5 Common Research Mistakes

Tribes Research 30th November 2017
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5 Common Research Mistakes
UnderstandSo, you’ve got an amazing idea for a new business or you’re thinking of a new product concept? It’s more than likely that you’re going to speak to your friends, family and colleagues about this idea before anyone else. Which is fine! But, you cannot rely solely on their opinions. Be sure to test your idea on the general public, your target audience and/or your current customer base for an unbiased response.
EngageYou’re all set to launch your research campaign… survey scripted and sample at the ready! Before you hit the ‘send’ button, be sure to test, test and test again. Test everything from the email invite, screening questions, the routing, the grammar, question functionality through to the landing pages. And be sure to test it across devices. Get colleagues to test it… you may be surprised what a pair of fresh eyes can spot.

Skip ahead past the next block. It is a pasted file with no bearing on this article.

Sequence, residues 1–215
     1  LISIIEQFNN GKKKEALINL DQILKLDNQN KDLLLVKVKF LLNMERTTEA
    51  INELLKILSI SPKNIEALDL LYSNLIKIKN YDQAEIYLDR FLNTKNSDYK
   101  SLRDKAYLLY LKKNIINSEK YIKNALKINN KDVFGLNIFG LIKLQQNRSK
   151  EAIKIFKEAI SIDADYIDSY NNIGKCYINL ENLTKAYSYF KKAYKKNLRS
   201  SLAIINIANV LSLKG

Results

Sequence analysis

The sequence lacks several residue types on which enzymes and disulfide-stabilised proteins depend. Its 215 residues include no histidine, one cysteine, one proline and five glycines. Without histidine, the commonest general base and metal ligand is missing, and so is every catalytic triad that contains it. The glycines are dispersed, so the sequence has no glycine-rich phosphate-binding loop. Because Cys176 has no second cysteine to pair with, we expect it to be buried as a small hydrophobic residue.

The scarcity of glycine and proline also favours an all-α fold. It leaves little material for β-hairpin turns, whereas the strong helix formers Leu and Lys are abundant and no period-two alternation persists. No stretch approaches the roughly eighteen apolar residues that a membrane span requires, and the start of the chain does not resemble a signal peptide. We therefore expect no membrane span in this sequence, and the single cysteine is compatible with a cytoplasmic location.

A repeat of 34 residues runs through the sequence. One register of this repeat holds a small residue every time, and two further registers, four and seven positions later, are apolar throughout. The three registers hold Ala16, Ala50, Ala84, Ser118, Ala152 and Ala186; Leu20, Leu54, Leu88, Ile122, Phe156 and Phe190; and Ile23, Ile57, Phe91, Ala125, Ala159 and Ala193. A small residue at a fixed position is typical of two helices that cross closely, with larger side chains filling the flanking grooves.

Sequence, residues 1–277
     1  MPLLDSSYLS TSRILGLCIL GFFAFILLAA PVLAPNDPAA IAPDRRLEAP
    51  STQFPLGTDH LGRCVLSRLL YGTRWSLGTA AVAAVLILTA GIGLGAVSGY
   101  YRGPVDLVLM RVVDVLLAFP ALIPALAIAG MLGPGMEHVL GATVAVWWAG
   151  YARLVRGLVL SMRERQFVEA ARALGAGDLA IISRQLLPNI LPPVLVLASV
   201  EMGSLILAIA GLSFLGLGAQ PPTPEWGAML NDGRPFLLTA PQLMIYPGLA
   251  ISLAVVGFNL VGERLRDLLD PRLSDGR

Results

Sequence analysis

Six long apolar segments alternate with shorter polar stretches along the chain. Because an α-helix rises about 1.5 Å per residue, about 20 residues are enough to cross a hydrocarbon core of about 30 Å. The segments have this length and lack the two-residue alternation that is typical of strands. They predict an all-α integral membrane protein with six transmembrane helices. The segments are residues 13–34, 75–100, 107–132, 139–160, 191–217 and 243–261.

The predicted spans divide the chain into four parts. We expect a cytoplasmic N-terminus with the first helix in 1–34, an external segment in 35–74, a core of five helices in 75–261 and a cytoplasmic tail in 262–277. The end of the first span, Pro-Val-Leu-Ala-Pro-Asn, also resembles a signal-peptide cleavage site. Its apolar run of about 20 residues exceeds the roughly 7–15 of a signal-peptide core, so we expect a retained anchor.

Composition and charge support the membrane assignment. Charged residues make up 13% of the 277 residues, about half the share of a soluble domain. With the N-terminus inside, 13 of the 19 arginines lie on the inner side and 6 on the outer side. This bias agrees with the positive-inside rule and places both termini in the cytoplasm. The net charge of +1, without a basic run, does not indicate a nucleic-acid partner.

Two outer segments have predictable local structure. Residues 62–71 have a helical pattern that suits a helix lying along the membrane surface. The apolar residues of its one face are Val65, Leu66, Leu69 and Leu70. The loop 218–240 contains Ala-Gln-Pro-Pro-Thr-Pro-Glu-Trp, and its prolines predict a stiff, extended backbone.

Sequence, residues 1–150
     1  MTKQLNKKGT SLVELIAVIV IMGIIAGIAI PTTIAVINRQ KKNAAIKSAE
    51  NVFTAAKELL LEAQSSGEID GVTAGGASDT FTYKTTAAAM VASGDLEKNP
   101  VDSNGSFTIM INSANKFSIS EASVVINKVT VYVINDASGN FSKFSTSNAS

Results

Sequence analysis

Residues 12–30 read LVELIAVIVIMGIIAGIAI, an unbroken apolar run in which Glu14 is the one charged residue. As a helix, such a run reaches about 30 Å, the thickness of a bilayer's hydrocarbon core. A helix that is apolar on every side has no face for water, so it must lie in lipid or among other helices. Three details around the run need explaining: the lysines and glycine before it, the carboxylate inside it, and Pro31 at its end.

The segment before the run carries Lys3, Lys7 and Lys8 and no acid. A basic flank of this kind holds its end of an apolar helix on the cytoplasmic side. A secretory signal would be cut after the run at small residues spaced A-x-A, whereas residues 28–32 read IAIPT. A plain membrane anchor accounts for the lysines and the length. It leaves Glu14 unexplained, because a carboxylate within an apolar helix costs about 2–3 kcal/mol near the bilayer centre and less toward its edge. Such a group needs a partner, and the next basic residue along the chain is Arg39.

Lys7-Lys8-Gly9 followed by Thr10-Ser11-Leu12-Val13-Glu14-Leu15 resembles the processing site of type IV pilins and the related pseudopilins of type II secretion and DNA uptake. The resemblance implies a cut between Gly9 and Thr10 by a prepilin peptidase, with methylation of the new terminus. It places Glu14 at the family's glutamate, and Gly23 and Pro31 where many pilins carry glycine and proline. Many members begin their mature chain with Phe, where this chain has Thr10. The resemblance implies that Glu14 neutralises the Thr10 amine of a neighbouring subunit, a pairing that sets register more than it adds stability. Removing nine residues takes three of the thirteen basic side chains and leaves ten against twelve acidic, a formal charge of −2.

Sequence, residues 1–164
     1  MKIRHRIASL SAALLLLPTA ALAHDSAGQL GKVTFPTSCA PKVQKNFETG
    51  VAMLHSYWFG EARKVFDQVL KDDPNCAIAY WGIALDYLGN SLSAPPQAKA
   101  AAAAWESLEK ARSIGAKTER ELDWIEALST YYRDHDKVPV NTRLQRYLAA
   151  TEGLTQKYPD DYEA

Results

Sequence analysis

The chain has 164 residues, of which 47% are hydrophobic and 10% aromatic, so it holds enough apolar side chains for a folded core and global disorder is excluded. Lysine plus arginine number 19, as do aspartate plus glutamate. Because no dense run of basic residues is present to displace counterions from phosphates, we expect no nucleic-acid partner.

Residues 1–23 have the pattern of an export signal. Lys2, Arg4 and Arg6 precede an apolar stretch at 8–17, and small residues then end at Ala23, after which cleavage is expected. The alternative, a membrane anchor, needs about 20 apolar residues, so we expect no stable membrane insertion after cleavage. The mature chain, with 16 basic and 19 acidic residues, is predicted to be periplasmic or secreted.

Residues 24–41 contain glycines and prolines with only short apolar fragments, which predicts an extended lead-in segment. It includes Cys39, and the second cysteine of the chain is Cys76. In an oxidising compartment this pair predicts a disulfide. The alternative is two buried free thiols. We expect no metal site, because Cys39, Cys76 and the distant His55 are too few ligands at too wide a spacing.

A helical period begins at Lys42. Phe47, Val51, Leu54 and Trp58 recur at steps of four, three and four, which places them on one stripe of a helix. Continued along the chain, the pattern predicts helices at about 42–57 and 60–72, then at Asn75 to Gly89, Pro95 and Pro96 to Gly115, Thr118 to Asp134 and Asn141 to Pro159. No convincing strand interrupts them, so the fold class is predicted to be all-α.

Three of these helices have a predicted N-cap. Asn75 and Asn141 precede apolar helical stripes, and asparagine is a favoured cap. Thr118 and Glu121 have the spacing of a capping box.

Identify“How much do you LIKE this branding?” or “How would you rate this branding?” It’s understandable that you may prefer respondents to answer positively when you have worked tirelessly on a project. However, encouraging respondents to give the answer you want is obviously flawed. To be sure you’re getting valuable and constructive feedback, take time to think about how you’re asking your questions.
IncreaseThere are a few exceptions to this rule but, on the whole, you should always make sure that respondents have a way of identifying if they don’t know the answer or if it is not applicable. Similarly, ‘none of these’ should also be an option when you’re presenting a “which of these….?” type question. If you fail to do this, your results will be inaccurate and any actions you take as a result of your findings could be in vain.
More customersListen to what people have to say. If the results are telling you that something needs to change or that people aren’t sure about the concept you’re presenting, be sure to act on it. It may mean that you need to tweak your idea and re-test it, or consider something completely new, but failure to listen to the results can be extremely costly.